Getting the flu vaccine is not only your best shot at beating the virus—it could help in other ways you may never have realized.
With flu season quickly gathering momentum, it’s not too late to get your shot to protect you through the remaining winter months. Last year’s flu season was long and brutal, the worst in 4 decades, with more than 80,000 flu or pneumonia-related deaths nationally.
In case you still need convincing, infectious diseases expert Michael Chang, MD, assistant professor of pediatrics at McGovern Medical School at The University of Texas Health Science Center (UTHealth) in Houston, TX, has revealed added advantages.
Helps your heart
Getting the flu shot can literally prove a lifesaver for people with heart disease. There’s evidence to suggest influenza infections could potentially lead to having a heart attack, stroke, or heart failure, especially in high-risk patients. “Previous studies have shown influenza vaccination could reduce death, acute coronary syndromes, and hospitalization in patients with coronary heart disease and/or heart failure,” Chang said. “This makes getting your flu shot a no-brainer for anyone with a history of heart disease. It’s an extremely cost-effective intervention with lifesaving potential.”
Good for grandparents
Children are not only at greater risk of getting sick with flu, but also of infecting loved ones, particularly grandparents, who are more vulnerable. “Children have been described as ‘super spreaders’ because they come into close contact with family members, and younger ones tend to put their hands in their mouths more, which can put others at greater risk, especially older family members,” Chang said. “Children under the age of 5 are particularly vulnerable to flu, and the good news this year is the return of the nasal flu spray, which should make it easier if your little one doesn’t like having injections. Studies show it’s just as effective as the shot.”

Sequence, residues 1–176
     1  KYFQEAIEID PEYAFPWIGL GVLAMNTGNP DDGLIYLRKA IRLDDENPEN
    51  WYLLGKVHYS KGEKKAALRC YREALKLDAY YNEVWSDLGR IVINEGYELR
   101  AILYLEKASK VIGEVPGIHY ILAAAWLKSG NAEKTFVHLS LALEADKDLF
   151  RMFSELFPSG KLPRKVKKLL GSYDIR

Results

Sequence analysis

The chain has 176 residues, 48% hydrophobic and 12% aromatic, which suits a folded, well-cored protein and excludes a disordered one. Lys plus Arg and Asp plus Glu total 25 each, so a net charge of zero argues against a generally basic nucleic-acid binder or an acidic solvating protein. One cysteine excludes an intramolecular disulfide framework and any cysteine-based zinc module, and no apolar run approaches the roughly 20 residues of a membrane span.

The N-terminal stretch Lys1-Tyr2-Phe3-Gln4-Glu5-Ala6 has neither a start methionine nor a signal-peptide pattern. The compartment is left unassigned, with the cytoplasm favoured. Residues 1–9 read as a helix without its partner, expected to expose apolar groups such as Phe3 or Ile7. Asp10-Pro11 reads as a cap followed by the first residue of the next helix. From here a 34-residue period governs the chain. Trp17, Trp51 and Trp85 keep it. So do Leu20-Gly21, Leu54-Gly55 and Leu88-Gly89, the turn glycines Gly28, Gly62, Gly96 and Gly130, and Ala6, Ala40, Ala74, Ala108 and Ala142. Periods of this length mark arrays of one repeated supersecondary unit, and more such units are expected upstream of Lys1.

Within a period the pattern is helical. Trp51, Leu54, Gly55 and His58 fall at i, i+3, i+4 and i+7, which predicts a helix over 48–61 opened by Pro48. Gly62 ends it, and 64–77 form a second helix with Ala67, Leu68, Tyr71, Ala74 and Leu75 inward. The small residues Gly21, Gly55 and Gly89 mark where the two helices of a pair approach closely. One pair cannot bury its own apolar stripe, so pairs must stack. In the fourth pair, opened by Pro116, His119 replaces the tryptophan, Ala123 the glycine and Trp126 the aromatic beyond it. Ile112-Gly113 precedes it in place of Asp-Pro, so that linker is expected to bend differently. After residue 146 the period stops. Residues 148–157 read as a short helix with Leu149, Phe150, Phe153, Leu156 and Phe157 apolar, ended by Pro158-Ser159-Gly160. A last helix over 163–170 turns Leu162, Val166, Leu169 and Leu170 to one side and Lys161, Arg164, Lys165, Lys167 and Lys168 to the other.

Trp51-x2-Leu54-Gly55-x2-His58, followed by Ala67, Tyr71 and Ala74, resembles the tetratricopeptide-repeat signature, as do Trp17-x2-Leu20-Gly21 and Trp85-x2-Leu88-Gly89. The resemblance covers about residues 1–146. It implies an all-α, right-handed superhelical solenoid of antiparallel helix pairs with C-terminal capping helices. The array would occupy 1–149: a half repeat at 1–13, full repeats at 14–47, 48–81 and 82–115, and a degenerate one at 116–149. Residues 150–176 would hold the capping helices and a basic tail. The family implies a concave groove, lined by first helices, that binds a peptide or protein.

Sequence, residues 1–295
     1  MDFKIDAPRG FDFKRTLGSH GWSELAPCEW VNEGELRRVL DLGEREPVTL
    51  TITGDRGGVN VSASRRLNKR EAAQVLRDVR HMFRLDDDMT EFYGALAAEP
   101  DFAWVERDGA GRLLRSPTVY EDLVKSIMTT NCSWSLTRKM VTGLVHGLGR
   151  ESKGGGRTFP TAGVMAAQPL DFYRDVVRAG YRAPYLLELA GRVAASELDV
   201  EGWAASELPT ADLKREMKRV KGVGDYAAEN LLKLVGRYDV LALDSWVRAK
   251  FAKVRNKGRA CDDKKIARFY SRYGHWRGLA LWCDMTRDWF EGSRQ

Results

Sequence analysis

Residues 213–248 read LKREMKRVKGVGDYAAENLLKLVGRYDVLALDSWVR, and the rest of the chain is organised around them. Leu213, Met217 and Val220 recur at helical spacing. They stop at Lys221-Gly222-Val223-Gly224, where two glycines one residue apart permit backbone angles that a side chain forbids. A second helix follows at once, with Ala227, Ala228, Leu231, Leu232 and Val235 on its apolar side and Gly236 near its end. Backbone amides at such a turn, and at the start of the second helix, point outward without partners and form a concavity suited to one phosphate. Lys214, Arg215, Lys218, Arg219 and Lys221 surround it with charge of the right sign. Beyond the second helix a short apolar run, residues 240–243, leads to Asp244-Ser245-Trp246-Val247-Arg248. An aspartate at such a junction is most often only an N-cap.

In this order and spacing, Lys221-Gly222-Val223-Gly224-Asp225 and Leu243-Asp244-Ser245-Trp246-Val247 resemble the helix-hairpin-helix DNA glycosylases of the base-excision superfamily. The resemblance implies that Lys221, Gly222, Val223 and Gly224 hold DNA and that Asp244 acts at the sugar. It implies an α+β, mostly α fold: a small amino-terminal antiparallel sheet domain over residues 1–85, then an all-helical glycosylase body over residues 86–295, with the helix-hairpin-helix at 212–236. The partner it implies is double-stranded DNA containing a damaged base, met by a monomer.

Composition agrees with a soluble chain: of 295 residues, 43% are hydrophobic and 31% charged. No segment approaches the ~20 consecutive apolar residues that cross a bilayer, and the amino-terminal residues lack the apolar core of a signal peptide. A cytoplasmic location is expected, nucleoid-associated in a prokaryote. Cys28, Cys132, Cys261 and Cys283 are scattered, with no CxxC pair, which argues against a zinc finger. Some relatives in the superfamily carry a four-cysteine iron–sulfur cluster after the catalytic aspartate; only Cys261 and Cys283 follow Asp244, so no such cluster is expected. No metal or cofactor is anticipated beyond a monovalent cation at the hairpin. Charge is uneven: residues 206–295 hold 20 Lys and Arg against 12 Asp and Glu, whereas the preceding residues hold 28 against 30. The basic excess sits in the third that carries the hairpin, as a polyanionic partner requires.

Avoids other infections
Being struck down with flu is bad enough, and if you get another infection on top of it, you could be in even bigger trouble. Research shows bacterial coinfection complicates influenza, resulting in increased deaths and hospitalization.
“Your immunity can be altered by having flu, making you more prone to other infections, particularly in the respiratory tract where cells have been damaged. Staph infections are common and mainly not serious, but if you have flu already Staphylococcus aureus can enter the lungs, causing pneumonia,” Chang said. “That explains why this type of bacterial coinfection is frequent in influenza-associated pneumonia. Patients with coinfection unfortunately tend to have poorer outcomes, including higher risk of sepsis and in-hospital mortality.”
Less sick time
The flu vaccine isn’t infallible. Its effectiveness depends on how well it matches with the strains of virus in circulation, which varies from year to year, and it takes around 2 weeks to kick in. However, even if the shot doesn’t stop you getting flu altogether, it should significantly lessen its impact.
“It’s of course frustrating if you come down with flu, despite having had your shot in good time. But the reality is, this is possible, as the vaccine isn’t perfect,” Chang admitted. “That said, it’s the best form of protection available and will substantially lower your risk. If you are unlucky enough to still catch flu, chances are you will be much less severely affected. This means you hopefully won’t be laid up in bed for weeks unable to do anything and forced to take lots of time off work.”
Getting your flu vaccine is an opportunity to check your vaccine schedule to make sure you’re up to date with all your shots. All adults should get the Tdap vaccine once if they did not receive it as an adolescent to protect against whooping cough, and then a Td (tetanus, diphtheria) booster shot every 10 years. In addition, women should get the Tdap vaccine each time they are pregnant, preferably at 27 through 36 weeks.
“For older adults, the shingles vaccine is recommended for healthy adults aged 50 upward, and all adults aged 65 and above should have pneumococcal vaccines, which protect against pneumococcal disease including infections in the lungs and bloodstream,” Chang said. “When you get your flu shot, ask your physician if there are any other vaccines you need to have. It’s a good reminder to make sure you’re not missing out on any others.”